Chinese customs on dating
There are relatively few single-parent and blended families in both contemporary overseas Chinese communities and Australian-Chinese communities.
However, a recent phenomenon in Australia is an increasing number of 'split' Chinese families from Hong Kong and Taiwan, coinciding with Australia's economic recession in the early 1990s (Wong 1993; Kee and Skeldon, in press).
Recent settlers from China are now freed from the one-child policy in place in their homeland since 1979, and some have chosen to have more than one child, or more children until the arrival of a son.
Traditionally, divorce and having children outside wedlock are frowned on.
The structure and size of Chinese families in Australia tend to be more in line with the trend in contemporary urban Chinese societies, for example Hong Kong, China, Singapore and Taiwan, which favour small nuclear families (Da 1993; Tanphanich 1988; Duan-Mu 1994; Wong 1975).
Some Chinese families in Australia may have elderly grandparents living under the same roof, but it is relatively uncommon for adult siblings with offspring to share the same dwelling.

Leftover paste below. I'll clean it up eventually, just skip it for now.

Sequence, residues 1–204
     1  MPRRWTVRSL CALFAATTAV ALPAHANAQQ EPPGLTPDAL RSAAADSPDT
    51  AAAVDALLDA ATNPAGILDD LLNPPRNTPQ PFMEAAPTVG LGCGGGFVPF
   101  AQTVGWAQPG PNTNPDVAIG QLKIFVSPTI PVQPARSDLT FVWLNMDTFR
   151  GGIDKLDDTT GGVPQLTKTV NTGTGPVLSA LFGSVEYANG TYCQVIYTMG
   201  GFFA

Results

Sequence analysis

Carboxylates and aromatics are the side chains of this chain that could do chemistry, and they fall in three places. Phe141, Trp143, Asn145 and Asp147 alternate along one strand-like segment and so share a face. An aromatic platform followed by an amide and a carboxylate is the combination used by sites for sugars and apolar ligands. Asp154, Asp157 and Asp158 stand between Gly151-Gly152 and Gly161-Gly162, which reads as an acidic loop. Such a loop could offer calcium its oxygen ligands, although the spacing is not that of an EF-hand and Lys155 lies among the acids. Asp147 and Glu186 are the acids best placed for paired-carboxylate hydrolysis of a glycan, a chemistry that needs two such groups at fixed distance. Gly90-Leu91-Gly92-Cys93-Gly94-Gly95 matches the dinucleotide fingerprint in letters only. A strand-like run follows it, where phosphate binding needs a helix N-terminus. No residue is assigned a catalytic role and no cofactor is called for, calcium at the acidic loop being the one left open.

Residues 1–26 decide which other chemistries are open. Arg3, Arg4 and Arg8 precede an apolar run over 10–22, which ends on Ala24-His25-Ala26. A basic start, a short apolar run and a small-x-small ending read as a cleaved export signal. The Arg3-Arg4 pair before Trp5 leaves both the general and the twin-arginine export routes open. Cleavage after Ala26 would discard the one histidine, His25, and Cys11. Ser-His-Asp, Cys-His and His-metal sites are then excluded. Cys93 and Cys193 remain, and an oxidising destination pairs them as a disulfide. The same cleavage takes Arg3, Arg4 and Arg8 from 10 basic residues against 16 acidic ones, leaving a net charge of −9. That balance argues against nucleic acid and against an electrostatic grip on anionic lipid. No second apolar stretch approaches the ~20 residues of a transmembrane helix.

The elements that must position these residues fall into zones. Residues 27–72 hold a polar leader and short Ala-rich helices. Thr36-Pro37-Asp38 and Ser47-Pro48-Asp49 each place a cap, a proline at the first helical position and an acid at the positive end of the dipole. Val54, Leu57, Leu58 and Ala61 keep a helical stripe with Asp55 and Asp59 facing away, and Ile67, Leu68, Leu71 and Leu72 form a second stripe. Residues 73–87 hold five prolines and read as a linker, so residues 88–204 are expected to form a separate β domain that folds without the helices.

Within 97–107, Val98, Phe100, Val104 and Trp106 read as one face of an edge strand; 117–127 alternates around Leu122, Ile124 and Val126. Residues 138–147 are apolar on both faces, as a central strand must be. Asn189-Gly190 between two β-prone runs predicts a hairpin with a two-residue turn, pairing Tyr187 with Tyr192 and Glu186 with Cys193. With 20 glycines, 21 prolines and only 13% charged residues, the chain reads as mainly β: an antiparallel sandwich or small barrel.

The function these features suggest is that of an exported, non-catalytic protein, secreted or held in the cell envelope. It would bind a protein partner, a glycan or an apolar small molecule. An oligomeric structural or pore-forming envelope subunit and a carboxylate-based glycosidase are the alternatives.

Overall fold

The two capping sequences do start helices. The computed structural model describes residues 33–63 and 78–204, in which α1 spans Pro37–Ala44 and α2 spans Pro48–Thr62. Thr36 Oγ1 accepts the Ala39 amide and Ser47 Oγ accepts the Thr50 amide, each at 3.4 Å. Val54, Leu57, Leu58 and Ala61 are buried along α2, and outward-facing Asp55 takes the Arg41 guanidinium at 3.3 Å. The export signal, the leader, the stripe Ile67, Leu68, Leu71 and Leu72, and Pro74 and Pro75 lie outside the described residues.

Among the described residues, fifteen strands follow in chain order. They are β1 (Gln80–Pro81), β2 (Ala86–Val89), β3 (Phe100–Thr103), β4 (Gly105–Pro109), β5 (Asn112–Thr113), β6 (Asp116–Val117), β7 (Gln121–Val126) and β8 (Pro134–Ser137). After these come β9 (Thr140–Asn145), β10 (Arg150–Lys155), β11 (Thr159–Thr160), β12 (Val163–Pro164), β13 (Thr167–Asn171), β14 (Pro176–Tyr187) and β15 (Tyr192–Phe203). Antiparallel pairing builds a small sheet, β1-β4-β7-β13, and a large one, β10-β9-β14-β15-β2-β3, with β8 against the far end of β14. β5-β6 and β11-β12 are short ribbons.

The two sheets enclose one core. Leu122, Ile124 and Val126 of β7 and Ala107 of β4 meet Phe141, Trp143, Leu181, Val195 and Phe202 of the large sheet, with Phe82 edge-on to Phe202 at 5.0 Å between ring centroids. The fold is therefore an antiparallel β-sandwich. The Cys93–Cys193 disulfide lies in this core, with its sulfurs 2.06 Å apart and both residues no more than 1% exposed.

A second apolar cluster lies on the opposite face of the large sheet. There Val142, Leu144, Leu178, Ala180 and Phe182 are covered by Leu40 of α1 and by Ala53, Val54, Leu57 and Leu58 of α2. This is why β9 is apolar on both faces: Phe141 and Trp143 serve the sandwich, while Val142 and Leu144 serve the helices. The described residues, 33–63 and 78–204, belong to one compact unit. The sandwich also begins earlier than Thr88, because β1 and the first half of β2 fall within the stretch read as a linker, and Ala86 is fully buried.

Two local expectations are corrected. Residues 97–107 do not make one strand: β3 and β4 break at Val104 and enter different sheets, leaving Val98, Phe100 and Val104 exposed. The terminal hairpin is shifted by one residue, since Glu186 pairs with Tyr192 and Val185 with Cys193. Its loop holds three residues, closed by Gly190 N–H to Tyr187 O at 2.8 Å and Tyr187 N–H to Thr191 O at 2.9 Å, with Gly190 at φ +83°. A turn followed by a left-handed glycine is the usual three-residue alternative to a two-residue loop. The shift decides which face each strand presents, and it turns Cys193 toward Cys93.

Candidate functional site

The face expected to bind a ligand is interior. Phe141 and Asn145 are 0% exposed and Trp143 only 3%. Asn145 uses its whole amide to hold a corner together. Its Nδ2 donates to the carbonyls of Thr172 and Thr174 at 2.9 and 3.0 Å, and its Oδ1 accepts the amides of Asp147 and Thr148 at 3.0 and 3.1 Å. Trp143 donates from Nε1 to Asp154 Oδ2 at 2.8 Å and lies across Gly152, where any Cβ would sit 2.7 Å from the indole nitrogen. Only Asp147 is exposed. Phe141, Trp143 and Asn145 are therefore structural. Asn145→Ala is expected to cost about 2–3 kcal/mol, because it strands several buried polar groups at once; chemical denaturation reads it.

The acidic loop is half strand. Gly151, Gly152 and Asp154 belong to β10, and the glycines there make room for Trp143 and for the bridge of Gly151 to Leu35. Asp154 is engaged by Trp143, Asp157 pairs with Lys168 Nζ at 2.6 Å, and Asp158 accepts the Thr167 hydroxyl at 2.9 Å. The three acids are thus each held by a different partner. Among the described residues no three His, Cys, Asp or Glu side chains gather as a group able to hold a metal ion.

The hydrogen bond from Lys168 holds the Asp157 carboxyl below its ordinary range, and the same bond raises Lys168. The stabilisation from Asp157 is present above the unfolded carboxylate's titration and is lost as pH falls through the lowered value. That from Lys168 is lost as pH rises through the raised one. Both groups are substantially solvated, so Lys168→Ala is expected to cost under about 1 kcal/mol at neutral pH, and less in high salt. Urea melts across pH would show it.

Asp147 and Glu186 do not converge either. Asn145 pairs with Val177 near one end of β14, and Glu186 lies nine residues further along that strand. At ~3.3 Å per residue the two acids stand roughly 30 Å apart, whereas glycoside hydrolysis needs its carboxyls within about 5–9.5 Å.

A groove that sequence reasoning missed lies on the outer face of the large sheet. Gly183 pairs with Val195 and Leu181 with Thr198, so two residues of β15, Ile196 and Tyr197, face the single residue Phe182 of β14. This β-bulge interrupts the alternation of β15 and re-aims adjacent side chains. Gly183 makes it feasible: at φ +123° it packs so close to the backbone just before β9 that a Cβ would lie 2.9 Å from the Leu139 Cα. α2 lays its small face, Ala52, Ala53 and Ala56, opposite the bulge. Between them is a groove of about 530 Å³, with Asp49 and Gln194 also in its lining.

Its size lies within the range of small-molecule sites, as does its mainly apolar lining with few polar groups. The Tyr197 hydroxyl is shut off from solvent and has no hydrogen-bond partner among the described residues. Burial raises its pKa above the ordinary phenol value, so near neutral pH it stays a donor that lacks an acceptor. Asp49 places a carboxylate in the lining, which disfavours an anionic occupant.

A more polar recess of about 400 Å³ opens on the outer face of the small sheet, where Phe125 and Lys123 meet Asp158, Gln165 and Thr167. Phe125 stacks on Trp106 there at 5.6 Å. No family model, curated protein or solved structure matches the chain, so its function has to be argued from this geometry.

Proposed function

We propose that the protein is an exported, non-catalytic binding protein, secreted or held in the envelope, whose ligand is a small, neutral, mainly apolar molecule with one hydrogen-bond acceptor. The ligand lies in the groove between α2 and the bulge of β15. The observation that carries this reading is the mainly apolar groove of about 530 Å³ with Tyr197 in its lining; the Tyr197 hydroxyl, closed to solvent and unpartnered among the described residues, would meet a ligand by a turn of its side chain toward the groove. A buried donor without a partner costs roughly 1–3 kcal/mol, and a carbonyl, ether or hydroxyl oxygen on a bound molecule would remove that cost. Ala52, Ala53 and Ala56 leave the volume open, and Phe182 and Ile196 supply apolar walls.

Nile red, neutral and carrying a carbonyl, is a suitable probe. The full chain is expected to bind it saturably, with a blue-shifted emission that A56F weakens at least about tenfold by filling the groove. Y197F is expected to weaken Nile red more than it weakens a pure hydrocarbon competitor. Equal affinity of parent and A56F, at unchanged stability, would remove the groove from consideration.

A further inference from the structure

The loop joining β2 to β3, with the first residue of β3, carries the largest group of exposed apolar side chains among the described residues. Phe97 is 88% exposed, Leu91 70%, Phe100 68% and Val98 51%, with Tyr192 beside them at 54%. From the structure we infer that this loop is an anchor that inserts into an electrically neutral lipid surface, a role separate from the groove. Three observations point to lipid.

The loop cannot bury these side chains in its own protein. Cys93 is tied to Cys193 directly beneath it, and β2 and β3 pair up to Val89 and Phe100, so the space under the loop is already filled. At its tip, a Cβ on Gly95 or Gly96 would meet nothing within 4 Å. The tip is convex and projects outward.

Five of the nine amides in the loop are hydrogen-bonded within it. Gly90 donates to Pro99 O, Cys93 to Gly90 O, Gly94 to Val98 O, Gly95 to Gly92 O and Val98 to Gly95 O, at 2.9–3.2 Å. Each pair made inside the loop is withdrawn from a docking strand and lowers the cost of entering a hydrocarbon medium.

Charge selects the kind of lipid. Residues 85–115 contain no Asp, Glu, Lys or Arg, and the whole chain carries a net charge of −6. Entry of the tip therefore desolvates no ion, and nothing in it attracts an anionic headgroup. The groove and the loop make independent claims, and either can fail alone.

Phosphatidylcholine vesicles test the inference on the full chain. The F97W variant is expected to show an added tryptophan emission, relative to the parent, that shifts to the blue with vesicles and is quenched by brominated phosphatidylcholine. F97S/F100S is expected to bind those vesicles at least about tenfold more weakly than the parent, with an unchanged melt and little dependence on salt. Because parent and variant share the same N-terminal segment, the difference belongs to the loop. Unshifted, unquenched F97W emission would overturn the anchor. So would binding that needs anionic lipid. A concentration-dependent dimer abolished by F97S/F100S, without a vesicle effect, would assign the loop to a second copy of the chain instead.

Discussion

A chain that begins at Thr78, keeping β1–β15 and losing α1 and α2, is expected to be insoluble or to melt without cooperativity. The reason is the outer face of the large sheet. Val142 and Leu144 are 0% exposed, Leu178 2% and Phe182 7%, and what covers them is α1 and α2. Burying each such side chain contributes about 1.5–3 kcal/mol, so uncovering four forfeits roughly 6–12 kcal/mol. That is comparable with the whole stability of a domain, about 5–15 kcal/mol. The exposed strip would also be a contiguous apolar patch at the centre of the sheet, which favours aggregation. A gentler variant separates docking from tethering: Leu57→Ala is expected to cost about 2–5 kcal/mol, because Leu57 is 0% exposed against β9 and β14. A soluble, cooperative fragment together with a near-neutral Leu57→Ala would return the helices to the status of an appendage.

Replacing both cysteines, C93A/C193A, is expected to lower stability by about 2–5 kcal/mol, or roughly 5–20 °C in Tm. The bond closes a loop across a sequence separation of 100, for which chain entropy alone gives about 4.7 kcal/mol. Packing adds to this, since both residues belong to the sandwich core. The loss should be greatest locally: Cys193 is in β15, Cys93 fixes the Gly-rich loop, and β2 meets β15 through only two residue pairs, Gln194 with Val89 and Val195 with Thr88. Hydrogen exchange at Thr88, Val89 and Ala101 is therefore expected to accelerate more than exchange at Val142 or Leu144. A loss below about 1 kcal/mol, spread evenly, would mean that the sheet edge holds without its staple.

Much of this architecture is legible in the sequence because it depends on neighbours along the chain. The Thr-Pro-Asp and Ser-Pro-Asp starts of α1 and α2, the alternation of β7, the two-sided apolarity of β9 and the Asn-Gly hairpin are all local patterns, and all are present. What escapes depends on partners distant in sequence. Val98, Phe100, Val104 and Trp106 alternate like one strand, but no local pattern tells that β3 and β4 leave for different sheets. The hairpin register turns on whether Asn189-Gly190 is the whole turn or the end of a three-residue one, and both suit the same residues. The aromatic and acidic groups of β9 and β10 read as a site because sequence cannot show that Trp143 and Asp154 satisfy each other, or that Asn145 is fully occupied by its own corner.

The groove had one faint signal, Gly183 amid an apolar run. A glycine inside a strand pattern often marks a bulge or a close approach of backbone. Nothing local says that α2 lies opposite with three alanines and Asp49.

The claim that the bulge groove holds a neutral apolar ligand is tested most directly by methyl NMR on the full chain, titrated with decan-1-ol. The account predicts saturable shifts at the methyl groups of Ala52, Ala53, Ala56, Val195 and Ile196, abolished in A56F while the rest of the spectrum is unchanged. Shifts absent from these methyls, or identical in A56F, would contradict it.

Mak and Helen Chan Chinese settlement in Australia has a long history, beginning soon after the discovery of gold in Australia in 1851.
Large numbers of men from China came to work in the goldfields in Victoria, hoping to return to their homeland when they had made enough money (Wang 1988).
In stark contrast, a substantial number of Chinese came as professional and business migrants, bringing with them great skills and wealth.
Cantonese-the dialect spoken by Hong Kong Chinese and those from the Guandong Province in China-was the third most commonly spoken community language in Australia, while Mandarin, the official Chinese language, was the twelfth most commonly spoken (BIPR 1993b).